Louisiana Record

Thursday, December 5, 2019

Litigation against oil and gas giants benefits attorneys, not the environment, industry leaders say

Lawsuits

By Karen Kidd | Aug 30, 2019

Amar
Amar

NEW ORLEANS — Coastal erosion lawsuits that oil and gas producers have fought for more than half a decade are designed to enrich plaintiff attorneys, rather than fix any environmental problems – and Louisianans know it – legal and fuel industry influencers said during recent interviews.

"With these predatory state-sanctioned lawsuits, Louisiana's government is essentially sending a message to job creators that they should think twice before locating here," Pelican Institute for Public Policy Government Affairs Vice President Renee Amar told the Louisiana Record. "We continue to see this as countless jobs and opportunities continue to flee our state and are being embraced by our friendlier, fairer neighbors."

Plaintiff attorneys certainly were quick to notice when coastal erosion litigation began to ramp up in 2013,  Louisiana Lawsuit Abuse Watch Executive Director Lana Sonnier Venable said during a separate Louisiana Record interview.

"Coastal lawsuits have become a cottage industry for a handful of well-heeled firms pursuing big payouts," she said. "Since 2013, the parties have been mired in this litigation with no immediate resolution in sight. Even if these suits are successful, there is no requirement that the parishes or cities use any eventual settlement funds for remediation."

That has not been good for business, Louisiana Oil & Gas Association President Gifford Briggs told the Louisiana Record.

"These coastal lawsuits are the biggest hurdle for Louisiana’s oil and gas industry to reach its full potential," Gifford said. "After the election of President [Donald] Trump, our nation's oil and gas industry was filled with optimism and responded with significant investments. Unfortunately, Louisiana was unable to benefit like the rest of the nation. These lawsuits have weakened Louisiana's business environment, turned investors away from increasing activity and ultimately hurt the working families of Louisiana most."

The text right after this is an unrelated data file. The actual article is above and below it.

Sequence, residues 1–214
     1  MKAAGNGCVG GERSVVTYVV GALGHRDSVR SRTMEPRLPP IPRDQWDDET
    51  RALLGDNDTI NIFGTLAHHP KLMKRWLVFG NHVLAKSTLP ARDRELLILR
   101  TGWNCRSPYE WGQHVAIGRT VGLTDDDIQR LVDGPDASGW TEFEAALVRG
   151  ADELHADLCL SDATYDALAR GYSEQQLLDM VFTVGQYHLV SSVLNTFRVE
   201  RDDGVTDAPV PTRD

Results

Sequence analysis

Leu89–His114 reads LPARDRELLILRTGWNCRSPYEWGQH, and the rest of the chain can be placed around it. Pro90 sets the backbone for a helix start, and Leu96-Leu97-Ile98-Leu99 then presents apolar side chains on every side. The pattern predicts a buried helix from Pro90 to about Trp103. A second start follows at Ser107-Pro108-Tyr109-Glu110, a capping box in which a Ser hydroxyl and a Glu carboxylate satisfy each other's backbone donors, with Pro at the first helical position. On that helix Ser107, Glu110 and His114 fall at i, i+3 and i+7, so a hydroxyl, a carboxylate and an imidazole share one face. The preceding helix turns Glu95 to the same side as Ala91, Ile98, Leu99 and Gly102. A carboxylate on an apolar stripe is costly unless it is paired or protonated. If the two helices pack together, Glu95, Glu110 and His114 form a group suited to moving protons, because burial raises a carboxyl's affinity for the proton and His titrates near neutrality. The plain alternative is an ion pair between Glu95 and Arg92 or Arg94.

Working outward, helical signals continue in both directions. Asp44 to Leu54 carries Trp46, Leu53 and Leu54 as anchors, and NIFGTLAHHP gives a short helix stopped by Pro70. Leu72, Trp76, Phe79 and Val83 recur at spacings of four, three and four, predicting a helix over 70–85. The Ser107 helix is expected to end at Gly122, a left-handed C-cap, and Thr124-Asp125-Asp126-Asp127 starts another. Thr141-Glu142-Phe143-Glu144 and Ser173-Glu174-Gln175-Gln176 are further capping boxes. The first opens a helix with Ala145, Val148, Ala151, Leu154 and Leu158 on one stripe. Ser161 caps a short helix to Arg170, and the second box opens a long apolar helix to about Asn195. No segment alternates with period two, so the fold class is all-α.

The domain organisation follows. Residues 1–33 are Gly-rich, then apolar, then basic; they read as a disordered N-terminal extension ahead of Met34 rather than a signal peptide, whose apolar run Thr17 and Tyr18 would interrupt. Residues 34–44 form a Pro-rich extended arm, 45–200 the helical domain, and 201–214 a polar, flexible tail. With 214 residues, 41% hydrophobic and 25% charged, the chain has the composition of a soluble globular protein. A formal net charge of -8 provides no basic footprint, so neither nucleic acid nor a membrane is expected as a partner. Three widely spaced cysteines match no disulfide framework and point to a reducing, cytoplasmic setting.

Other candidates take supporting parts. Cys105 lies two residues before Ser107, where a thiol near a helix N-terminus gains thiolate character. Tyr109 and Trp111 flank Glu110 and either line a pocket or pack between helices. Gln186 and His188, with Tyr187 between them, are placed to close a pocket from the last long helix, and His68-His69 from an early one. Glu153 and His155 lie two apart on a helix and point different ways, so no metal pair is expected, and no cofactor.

The interviews came on the heels of release of a U.S. Chamber of Commerce's Institute for Legal Reform study about the coastal erosion lawsuits filed by Louisiana parishes against the oil and gas industry. The study concluded that in filing the lawsuits, the parishes bypass state laws and pursue jury awards in ways that could equal tremendous paydays for plaintiff attorneys.

The study's compilers also pointed to separate economic research that shows the true costs of coastal erosion litigation "and Louisiana's broader runaway lawsuit system," $4,000 in tort costs in 2016 for each household in the state, a news release issued with the study said.

The report in no way downplays the seriousness of coastal erosion, Venable said during her Louisiana Record interview.

"As noted in the report, coastal erosion is a serious issue, but the current approach of targeting industry is not the solution," Venable said. "In fact, this approach has only slowed collaborative efforts with industry, which is currently funding restoration efforts through production in the Gulf."

Meanwhile, a new online poll conducted by the U.S. Chamber Institute for Legal Reform found support for these lawsuits is eroding in the state. The majority of Louisianans who participated in the poll, 57 percent, said coastal erosion lawsuits were more about "trial lawyers looking for a payday" than fixing environmental damage.